The End of the Monarchy of Sex

Theory, Culture and Society 25 (5):104-122 (2008)

Abstract
The hegemonic form of contemporary queer theory is dependent on a model of desire as autonomous and deregulated, derived from post-'68 French theory and particularly the work of Michel Foucault. Such a model is at risk of finding itself in congruence with a deregulated post-Fordist capitalism that recuperates supposedly dissident sexual identities. This article returns to the work of Foucault to identify a largely unacknowledged tendency in his work that contests the valorization of sexuality and calls for an `end of the monarchy of sex'. This possibility is linked to Foucault's controversial exploration of the concept of `spiritual politics' through his engagement with the Iranian revolution. Rather than regarding this as a regression into a reactionary religiosity, I argue that it forms an inquiry into new political possibilities of revolt. These possibilities contest what Alain Badiou has identified as the nihilism of contemporary capitalism, in which desire and sexuality are deployed to constrain the political imagination to a limited bodily `materialism'. Drawing on the work of the later Foucault, it becomes possible to develop this new politics around asceticism, which is not so much withdrawal from the world but the refusal of the mediations of identity through sexuality and the body
Keywords No keywords specified (fix it)
Categories (categorize this paper)
DOI 10.1177/0263276408095218
Options
Edit this record
Mark as duplicate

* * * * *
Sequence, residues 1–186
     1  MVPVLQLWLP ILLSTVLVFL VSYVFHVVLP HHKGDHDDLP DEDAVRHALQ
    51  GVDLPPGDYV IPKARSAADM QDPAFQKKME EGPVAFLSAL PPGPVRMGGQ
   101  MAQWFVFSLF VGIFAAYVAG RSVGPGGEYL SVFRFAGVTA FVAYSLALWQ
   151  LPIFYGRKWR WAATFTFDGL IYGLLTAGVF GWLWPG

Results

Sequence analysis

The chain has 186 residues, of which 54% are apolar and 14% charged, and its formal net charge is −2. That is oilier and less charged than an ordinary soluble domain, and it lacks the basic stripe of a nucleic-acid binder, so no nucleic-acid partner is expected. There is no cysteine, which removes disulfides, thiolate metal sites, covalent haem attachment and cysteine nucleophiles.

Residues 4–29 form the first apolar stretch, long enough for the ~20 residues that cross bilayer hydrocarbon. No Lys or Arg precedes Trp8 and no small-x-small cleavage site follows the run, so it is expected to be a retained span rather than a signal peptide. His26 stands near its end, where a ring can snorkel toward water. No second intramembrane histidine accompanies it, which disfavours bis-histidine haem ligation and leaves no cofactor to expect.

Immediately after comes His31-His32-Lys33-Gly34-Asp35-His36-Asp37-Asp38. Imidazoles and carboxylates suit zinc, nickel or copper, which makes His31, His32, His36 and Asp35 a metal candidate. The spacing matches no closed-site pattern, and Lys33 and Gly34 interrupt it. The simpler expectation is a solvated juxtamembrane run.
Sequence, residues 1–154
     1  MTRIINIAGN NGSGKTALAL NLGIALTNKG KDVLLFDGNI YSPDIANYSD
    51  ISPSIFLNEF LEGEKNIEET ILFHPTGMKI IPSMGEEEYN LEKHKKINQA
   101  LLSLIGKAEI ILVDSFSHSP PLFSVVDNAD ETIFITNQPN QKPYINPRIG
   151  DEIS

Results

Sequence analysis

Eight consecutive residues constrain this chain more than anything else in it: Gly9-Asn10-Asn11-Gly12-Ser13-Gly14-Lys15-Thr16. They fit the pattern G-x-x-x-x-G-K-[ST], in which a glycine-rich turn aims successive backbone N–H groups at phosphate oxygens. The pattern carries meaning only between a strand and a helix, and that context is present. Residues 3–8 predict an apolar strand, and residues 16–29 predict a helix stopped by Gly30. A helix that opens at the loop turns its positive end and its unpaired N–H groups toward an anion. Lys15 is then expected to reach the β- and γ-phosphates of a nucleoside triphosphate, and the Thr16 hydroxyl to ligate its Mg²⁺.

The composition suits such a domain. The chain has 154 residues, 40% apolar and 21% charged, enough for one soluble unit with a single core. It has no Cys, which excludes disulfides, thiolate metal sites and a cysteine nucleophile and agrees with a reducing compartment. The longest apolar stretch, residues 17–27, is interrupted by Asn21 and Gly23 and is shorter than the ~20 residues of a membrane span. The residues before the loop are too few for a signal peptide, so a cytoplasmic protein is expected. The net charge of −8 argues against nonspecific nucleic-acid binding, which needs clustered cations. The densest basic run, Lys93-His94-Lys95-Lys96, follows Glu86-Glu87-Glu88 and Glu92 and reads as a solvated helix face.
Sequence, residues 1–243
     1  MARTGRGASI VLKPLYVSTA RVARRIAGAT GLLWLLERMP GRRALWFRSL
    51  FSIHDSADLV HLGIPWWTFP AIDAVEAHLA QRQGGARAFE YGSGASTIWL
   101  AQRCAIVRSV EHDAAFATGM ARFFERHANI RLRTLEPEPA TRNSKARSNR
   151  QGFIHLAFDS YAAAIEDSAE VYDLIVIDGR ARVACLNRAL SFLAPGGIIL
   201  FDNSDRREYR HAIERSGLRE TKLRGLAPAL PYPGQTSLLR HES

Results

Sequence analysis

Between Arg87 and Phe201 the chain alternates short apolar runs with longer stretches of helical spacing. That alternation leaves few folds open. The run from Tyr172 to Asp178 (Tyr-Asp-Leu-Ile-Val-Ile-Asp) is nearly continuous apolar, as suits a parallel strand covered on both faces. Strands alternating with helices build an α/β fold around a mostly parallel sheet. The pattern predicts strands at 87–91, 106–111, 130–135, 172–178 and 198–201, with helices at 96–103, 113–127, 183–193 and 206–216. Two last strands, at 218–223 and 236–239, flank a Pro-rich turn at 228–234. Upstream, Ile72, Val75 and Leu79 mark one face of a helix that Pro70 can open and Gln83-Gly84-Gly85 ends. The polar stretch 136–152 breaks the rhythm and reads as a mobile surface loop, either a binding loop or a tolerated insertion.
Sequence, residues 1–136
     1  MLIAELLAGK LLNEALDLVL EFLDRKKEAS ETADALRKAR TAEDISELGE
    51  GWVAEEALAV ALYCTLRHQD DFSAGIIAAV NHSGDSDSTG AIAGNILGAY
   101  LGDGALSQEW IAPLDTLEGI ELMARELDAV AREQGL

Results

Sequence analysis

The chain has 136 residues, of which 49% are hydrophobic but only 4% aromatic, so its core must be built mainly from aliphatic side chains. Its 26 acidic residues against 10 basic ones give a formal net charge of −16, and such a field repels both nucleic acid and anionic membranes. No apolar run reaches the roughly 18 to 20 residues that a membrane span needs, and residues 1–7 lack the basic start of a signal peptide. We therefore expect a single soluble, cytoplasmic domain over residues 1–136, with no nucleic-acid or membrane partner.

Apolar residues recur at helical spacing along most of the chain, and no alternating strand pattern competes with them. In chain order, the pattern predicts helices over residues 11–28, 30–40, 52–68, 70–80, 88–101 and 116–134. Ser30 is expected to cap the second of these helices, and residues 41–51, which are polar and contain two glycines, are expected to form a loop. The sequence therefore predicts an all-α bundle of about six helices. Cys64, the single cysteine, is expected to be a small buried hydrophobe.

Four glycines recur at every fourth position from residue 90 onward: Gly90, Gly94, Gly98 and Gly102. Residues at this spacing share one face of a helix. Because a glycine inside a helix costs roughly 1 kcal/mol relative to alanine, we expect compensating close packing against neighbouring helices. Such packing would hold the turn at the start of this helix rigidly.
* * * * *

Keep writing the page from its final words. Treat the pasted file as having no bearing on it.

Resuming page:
Export citation
Find it on Scholar
Request removal from index
Revision history

Download options

Our Archive


Upload a copy of this paper     Check publisher's policy     Papers currently archived: 46,330
External links

Setup an account with your affiliations in order to access resources via your University's proxy server
Configure custom proxy (use this if your affiliation does not provide a proxy)
Through your library

References found in this work BETA

The Subject and Power.Michel Foucault - 1982 - Critical Inquiry 8 (4):777-795.
Beyond Formalisation an Interview.Alain Badiou - 2003 - Angelaki 8 (2):111 – 136.
Homos.Kevin Kopelson & Leo Bersani - 1996 - Substance 25 (1):120.

View all 8 references / Add more references

Citations of this work BETA

No citations found.

Add more citations

Similar books and articles

Analytics

Added to PP index
2014-02-02

Total views
12 ( #690,698 of 2,285,998 )

Recent downloads (6 months)
6 ( #196,884 of 2,285,998 )

How can I increase my downloads?

Downloads

My notes

Sign in to use this feature